The FIA has given the entire F1 grid a collective bollocking in the wake of Abu Dhabi podium finishers Kimi Räikkönen and Sebastian Vettel both swearing during the live podium interviews following the Finn’s win at Yas Marina last weekend.
In conjunction with F1 supremo Bernie Ecclestone, the FIA made the decision to introduce live podium interviews after the race, in which a former driver – or, in the case of the Hungarian Grand Prix, opera singer Placido Domingo – will host the ceremony, and usually get ‘shampooed’ with champagne in the process.
The popularity of this initiative is rather mixed, but it does give racegoing fans the opportunity to hear the thoughts of the top-three drivers in a live world feed that Formula One Management provides to all F1 broadcasters.
However, last weekend’s podium interviews – conducted by Räikkönen and Vettel’s former team-mate David Coulthard, who today serves as a commentator with the BBC – took a turn for the worse, with both Räikkönen and Vettel dropping F- and S-bombs during the telecast.
Such antics won’t be tolerated in future, the FIA has since warned in a release issued to all teams.
“It is very much our collective responsibility to make sure drivers are aware such language has no place during media events,” wrote the FIA’s Director of Communications, Norman Howell.
“It shines an unwelcome beam of adverse publicity on their teams and sponsors, the sport and the FIA.
“I understand that in the ‘heat of battle’ that adrenaline, elation and disappointment make for a dangerous and heady mix, but F1 drivers are not the only ones being interviewed in such conditions: I think of boxers, rugby and football players who are routinely interviewed live on television after a gruelling sporting effort. They manage to avoid inappropriate language.
“Since it happened twice on the same weekend, I thought I’d send a friendly note,” Howell added. “We need to remind the drivers they are professionals. If you’re a racing driver at that level, you have to realise that part of your job description is to talk to the media, and to do so in a way that is acceptable.”
The FIA has the right to call such antics into a charge of bringing the sport into disrepute, which can carry substantial fines – or even race bans – with a guilty verdict.
Coulthard, who was conducting the podium interviews for the first time, was also shocked by their antics, and offered an apology during the telecast.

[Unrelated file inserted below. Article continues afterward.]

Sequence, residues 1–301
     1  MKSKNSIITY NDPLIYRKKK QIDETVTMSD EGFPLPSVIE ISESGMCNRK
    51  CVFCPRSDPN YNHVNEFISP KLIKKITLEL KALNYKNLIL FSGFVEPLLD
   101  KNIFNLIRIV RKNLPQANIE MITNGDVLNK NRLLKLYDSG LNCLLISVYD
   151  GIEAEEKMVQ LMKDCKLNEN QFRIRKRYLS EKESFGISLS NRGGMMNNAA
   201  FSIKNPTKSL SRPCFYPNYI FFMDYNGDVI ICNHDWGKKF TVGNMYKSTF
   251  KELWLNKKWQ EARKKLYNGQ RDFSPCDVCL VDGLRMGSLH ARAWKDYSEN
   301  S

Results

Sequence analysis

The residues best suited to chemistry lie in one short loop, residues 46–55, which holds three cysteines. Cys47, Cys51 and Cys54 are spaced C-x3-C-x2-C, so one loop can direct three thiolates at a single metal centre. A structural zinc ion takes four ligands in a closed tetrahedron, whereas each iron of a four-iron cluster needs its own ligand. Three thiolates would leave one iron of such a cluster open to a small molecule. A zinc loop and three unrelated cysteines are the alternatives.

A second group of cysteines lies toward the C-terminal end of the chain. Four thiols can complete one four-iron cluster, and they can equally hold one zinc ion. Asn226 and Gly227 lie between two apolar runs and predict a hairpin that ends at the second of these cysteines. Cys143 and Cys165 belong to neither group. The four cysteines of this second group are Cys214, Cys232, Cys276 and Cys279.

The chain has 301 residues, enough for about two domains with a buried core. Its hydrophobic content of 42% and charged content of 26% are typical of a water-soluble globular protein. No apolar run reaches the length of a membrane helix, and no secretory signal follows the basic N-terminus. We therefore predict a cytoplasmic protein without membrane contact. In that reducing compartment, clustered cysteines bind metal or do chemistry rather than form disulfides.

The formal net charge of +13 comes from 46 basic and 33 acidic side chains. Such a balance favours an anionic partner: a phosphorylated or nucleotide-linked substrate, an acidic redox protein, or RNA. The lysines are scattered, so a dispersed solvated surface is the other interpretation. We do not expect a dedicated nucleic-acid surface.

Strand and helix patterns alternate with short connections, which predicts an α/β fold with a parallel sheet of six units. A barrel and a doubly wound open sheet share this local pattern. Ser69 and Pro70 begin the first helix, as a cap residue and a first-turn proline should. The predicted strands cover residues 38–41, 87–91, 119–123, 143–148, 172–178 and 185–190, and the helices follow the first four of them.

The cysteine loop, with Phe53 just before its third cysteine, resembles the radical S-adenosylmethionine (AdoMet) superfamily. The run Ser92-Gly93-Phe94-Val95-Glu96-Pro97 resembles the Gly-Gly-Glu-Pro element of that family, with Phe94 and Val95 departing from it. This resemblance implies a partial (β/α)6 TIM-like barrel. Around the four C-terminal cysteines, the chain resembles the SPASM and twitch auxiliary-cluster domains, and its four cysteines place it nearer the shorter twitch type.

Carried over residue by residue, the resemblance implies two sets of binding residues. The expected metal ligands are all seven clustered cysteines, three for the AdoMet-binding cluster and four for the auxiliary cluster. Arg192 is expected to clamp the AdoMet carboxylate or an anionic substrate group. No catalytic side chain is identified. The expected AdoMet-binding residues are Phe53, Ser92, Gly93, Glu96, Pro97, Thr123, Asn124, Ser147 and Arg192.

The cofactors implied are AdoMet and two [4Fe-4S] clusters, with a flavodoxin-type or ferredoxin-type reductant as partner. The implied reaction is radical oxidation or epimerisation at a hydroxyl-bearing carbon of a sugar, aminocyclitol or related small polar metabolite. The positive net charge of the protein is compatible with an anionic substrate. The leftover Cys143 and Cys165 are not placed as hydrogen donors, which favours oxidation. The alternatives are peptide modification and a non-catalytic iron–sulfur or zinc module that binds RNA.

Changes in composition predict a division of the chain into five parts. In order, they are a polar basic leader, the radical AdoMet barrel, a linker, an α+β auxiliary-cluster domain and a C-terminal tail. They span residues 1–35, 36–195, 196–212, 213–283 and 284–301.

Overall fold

“I felt it was appropriate to apologise on [their] behalf because, of course, there were many people around the world listening to that and the use of profanity is not acceptable in the public podium interviews,” he said afterwards.
Coulthard himself isn’t averse to the use of colourful language, and was once criticised for threatening to kick “seven shades of shit” out of Felipe Massa during an on-air broadcast at the 2008 Australian Grand Prix, in which the pair had collided.
Interestingly, the BBC received just 22 telephone complaints from viewers about the broadcasting of the language. However, the broadcaster received more complaints about the networks delays in uploading their race telecast on their online iPlayer application – the delay was due to the broadcaster editing out the expletives!
It would seem that swearing has also become a mainstay in the driver-to-pit radio broadcasts, according to a recent article in the Guardian newspaper, which claims that teams are resorting to foul-mouthed transmissions to hide crucial race tactics from rival teams, who listen in on the world feed broadcasts.
Doing so will ensure that the radio transmission doesn’t get broadcast on-air, according to the report’s author, acclaimed motorsport journalist Richard Williams.
“Although the teams have no control over the selection of these snippets, they do have one weapon at their disposal: when passing information they are keen to conceal from others, they ensure that an obscenity forms a prominent part of the conversation,” he wrote.
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